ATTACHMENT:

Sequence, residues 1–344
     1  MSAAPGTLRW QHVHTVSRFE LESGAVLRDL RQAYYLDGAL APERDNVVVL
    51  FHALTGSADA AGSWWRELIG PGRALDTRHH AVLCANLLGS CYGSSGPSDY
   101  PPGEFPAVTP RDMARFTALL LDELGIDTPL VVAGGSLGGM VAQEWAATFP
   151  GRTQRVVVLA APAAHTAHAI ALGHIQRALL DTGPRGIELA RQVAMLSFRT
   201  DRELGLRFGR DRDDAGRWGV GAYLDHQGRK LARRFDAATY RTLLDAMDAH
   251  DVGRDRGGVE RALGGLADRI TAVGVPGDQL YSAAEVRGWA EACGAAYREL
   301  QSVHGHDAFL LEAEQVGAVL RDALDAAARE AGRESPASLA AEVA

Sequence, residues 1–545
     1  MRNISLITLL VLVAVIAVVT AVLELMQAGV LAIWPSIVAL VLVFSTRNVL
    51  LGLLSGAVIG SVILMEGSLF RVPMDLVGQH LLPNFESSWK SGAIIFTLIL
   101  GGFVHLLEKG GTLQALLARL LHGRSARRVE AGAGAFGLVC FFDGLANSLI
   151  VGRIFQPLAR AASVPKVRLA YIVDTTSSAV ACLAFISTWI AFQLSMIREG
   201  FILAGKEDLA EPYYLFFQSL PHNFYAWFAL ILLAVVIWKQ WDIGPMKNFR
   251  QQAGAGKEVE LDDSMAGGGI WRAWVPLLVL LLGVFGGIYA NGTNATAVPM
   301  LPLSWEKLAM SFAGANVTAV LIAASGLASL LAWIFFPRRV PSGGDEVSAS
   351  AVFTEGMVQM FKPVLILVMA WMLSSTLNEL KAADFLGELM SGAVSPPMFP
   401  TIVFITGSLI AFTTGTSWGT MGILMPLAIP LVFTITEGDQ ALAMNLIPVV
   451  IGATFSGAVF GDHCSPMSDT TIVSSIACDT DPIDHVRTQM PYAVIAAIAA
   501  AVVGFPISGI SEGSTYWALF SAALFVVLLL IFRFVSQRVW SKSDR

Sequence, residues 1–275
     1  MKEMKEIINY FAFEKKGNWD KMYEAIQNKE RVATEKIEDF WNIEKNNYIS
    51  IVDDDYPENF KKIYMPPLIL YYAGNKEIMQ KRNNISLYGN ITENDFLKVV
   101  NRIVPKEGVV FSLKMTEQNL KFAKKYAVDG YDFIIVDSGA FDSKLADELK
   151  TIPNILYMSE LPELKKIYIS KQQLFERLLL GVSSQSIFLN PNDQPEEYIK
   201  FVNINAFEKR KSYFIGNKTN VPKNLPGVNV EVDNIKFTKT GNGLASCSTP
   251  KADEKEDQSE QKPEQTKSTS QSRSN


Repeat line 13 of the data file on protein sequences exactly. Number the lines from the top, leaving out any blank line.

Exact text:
   151  VGRIFQPLAR AASVPKVRLA YIVDTTSSAV ACLAFISTWI AFQLSMIREG